Tim Lee was driving when he heard that the remains of his best friend, John Niven, had been identified. A senior vice president at the consulting firm Aon, Niven, 44, had perished on Sept. 11, 2001, in the south tower of the World Trade Center.
“I pulled over, had a lump in my throat and tears in my eyes,” Lee recounted, his voice wavering. “I kept seeing 911 a lot lately, in my bank statement, in my truck. When I see 911, I always take a moment in my day to think of John. He was a very, very dear friend. Such a special, caring, nice person.”
Niven’s remains, like those of over 1,103 other victims — 40 percent of the people who died in New York City that day, according to the chief medical examiner’s office — were never found. Until last month.
“They sent two police officers to my door just before Christmas to give me the news,” his widow, Ellen, said. “My heart sank. I thought something might have happened to my son. The police gave me a letter that said that John’s remains were found — very, very tiny bone fragments. I had no idea that anyone was still working on sifting through the debris of 911.”
John Niven was the 1,650th victim to be identified by the medical examiner’s office, through the utilization of next-generation DNA sequencing technology. The process, more sensitive than conventional DNA testing, is also faster.
“Next-generation sequencing takes roughly a day or two. Before, it took seven to eight years,” W. Richard McCombie, Davis Family professor of human genetics at the Cold Spring Harbor Laboratory, said. “And the sample size can be lower. Much of the samples being analyzed from 911 are badly damaged, so that’s important.”
The first version of next-generation sequencing technology was used in 2007, and it has improved each year, McCombie added.
The medical examiner plans to continue using the technology. “Our solemn promise to find answers for families using the latest advances in science stands as strong today as in the immediate days after the World Trade Center attacks,” Chief Medical Examiner Dr. Jason Graham said. “This new identification attests to our agency’s unwavering commitment and the determination of our scientists.”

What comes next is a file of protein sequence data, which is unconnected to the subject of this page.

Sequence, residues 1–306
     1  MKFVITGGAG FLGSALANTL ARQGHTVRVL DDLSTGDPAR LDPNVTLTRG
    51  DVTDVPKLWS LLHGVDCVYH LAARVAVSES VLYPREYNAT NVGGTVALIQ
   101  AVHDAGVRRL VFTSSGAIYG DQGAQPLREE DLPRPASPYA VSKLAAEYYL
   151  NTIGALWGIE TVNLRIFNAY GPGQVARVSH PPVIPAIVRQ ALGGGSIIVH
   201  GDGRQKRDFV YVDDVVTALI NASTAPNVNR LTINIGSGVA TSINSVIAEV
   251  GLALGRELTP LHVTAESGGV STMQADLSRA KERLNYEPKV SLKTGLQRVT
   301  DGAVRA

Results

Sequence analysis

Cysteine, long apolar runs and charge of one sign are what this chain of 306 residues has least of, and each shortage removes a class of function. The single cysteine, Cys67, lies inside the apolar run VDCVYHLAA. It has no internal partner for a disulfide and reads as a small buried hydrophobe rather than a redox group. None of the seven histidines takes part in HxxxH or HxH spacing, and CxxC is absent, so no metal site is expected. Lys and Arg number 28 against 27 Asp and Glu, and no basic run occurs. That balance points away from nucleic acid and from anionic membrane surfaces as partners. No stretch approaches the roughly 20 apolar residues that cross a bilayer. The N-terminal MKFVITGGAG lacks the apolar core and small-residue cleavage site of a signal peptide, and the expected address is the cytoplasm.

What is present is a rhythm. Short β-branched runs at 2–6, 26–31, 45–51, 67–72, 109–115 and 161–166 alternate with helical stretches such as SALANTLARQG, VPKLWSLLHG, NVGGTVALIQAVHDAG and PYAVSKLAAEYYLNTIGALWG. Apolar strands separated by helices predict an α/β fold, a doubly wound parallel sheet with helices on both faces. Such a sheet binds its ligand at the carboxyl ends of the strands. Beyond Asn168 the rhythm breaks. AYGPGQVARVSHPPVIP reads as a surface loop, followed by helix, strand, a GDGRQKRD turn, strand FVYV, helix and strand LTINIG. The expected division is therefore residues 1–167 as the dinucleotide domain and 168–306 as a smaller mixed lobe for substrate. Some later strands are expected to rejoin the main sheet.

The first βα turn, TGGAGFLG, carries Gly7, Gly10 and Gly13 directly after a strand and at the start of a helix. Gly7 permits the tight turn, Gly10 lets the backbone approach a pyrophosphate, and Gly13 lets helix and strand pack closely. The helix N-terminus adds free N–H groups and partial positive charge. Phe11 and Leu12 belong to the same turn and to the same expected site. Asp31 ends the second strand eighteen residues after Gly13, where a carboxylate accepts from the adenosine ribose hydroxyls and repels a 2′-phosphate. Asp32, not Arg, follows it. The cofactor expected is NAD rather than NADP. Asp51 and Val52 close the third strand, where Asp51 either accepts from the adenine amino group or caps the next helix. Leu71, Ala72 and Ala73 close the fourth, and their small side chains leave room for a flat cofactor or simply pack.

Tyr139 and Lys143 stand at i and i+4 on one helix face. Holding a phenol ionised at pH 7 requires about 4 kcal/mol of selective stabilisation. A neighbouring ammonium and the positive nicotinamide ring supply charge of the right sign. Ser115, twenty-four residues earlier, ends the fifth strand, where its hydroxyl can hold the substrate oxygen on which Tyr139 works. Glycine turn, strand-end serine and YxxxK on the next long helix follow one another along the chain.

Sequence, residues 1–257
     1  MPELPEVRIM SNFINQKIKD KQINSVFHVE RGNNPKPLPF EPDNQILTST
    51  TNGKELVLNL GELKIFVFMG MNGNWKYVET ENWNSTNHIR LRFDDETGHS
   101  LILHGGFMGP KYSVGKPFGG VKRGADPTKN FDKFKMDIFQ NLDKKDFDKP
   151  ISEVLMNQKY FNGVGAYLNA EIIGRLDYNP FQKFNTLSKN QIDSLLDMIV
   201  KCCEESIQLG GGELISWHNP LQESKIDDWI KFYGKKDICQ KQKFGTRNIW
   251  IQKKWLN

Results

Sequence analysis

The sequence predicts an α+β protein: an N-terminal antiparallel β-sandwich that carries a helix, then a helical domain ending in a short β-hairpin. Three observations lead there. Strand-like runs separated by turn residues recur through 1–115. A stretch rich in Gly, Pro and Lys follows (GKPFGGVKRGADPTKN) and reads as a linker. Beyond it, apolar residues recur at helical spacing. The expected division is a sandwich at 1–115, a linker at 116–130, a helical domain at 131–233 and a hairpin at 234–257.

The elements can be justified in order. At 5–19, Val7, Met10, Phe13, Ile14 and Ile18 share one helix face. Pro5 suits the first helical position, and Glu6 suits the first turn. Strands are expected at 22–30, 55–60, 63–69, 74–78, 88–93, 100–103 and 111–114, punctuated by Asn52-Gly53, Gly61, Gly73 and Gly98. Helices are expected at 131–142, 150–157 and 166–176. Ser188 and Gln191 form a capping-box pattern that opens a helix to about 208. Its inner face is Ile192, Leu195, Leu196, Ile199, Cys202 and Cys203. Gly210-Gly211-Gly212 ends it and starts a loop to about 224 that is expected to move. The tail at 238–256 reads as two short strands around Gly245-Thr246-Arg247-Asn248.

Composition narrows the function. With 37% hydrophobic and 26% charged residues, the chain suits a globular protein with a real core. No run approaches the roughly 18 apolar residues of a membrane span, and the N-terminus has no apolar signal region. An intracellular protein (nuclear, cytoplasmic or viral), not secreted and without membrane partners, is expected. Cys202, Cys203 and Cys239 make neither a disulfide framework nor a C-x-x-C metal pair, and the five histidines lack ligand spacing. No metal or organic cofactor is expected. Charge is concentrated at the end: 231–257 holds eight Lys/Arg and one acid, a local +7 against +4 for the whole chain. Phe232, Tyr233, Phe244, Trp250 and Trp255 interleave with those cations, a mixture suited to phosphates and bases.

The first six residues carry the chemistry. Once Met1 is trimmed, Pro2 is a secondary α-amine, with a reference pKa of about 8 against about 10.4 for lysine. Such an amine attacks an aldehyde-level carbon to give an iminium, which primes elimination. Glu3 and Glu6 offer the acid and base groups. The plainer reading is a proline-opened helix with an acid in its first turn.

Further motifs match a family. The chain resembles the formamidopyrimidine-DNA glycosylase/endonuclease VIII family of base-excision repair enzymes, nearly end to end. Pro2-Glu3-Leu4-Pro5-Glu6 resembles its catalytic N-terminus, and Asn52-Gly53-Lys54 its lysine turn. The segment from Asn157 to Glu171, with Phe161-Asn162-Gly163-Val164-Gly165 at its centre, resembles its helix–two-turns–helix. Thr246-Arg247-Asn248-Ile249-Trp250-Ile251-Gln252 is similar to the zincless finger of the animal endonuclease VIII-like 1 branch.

Ellen Niven gave DNA samples to the medical examiner’s office days after the attacks, hoping John’s remains would be found. Over the years, without an office dedicated to 9/11, she found it difficult to receive any additional information, she said.
Joseph Giaccone, who worked for Cantor Fitzgerald on the 92nd floor of the north tower, also died on Sept. 11. His remains have yet to be identified.
“I was the contact person for the M.E.’s office for the first three years, and they contacted me twice,” said Giaccone’s brother, James, who lives in Bayville. “But they were false alarms, a clerical error where they superimposed my brother’s number. They said they were sorry each time. Speaking for myself, after 23 years, I’m OK with them not finding anything.”
John Ballantine Niven was in the prime of his life in the summer of 2001. He was happily married to Ellen, whom he had wed in 1996, and they had an 18-month-old son, John Jr., whom he adored. He was successful at Aon, where he was an insurance broker, working with large companies across the globe.
Niven’s job required a great deal of travel, which, Ellen said, might have been the reason why, after the first plane struck the north tower, he returned to his office on the 105th floor of the south tower instead of joining his colleagues, who took an elevator down from the 70th floor and left the building.